Editorial: Japan's railway industry takes on the global market
Momentum is growing worldwide to recognize anew the value of railways. Southeast Asian countries, India and Middle Eastern nations have begun moving to build new commuter railway lines and high-speed interurban railway systems as a trump card for easing traffic congestion and accelerating economic growth.
Even in the U.S., a famously car-oriented society, plans are afoot to build long-distance high-speed railway systems in many parts of the country amid mounting public concerns about global warming.
These developments provide ideal opportunities for the Japanese railway industry -- railway operators and rolling stock manufacturers -- to accelerate the global expansion of their business activities based on their long-standing track record of successful operations built mainly at home through enhancing their know-how on railway safety technology and punctuality of rail services.
Because expanding exports of infrastructure systems is an important challenge for Japan's growth strategy, we will be keeping a close eye on how far Japanese players can go in their sales drive.
Particularly noteworthy about recent moves by the Japanese railway industry is that railway operators have begun to aggressively move into overseas business. These include East Japan Railway, also known as JR East, and Central Japan Railway, or JR Tokai, both of which have until now been focused on domestic operations.
JR East is taking part in a project to build a new commuter train line in the northern part of Bangkok, and is also approaching India and other countries to introduce Japan's shinkansen bullet train technology. At JR Tokai, top executives are leading the company's marketing efforts to pitch its magnetically levitated bullet train technology to operators on the East Coast of the U.S.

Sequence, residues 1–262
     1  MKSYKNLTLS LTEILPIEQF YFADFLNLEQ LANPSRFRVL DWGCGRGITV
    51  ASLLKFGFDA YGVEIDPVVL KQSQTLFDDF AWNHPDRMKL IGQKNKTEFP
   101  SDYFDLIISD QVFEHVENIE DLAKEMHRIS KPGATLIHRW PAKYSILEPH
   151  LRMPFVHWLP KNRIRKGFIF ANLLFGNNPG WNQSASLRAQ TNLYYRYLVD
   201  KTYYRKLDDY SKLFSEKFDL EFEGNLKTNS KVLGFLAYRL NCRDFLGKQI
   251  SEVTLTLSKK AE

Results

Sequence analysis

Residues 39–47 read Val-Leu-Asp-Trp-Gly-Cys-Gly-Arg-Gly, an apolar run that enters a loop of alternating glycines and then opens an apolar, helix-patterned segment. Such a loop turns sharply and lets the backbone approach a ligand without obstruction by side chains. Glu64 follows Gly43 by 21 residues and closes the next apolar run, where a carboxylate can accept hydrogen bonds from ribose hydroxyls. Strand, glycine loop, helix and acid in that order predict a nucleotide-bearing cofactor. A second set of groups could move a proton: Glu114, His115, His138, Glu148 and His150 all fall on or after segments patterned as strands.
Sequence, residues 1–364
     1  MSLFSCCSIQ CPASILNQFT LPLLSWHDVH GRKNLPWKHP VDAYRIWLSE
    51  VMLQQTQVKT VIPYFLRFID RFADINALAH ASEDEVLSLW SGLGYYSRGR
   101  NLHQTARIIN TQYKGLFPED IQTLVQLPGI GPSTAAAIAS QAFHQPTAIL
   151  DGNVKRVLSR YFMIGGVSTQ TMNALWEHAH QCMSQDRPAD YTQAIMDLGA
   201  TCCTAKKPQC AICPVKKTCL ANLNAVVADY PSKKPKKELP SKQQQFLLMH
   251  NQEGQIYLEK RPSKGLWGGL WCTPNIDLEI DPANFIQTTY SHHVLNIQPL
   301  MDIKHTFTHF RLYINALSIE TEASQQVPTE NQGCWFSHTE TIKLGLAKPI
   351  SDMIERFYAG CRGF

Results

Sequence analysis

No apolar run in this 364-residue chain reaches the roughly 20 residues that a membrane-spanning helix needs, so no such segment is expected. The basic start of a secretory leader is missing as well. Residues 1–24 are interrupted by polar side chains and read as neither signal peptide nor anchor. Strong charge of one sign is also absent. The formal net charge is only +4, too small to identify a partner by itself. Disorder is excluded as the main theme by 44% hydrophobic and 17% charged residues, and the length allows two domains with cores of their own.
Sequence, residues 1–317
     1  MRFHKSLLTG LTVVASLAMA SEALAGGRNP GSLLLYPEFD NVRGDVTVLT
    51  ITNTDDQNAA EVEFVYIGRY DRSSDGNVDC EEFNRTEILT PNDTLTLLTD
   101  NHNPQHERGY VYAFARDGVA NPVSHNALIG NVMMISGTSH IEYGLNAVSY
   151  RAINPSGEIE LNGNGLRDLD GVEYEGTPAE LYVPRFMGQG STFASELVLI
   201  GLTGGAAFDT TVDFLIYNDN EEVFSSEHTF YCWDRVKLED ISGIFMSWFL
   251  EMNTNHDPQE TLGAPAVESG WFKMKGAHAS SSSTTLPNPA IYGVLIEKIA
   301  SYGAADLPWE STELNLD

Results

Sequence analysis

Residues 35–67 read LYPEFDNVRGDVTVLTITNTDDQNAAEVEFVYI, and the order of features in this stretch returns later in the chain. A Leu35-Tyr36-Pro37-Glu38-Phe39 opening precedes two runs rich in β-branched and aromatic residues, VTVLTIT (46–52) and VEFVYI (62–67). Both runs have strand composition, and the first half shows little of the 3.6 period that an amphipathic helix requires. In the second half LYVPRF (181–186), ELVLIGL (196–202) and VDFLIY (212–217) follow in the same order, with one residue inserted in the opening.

Japanese railway equipment makers, such as Hitachi and Kawasaki Heavy Industries, are not only supplying rolling stock. They are also broadening the range of products and services they offer to foreign customers to cover signaling systems for traffic control and maintenance services for railway vehicles as well. If railway operators and equipment suppliers join hands, it may become possible to transplant Japanese proprietary railway systems, which are renowned for their punctual and reliable operations, in their entirety overseas.
But the Japanese players are just standing at the starting line of a global race. They face competition from European companies with track records of success in many markets and the rise of new rivals, such as Chinese companies, which seek to explore Asian and South American markets.
To successfully vie with these foreign rivals in global competition, Japan's private and government sectors need to make concerted efforts. For instance, the government could help to spread Japan's railway system technology by introducing it to countries that are planning to build railways. The financial functions of the Japan Bank for International Cooperation and Japanese trading companies can also perform an important role.
The export of railway infrastructure, which helps to support people's lives and a country's economic activity, is the kind of challenge that tests Japan's overall strength, which covers not only the competitiveness of individual companies but also the country's capability in diplomacy and finance.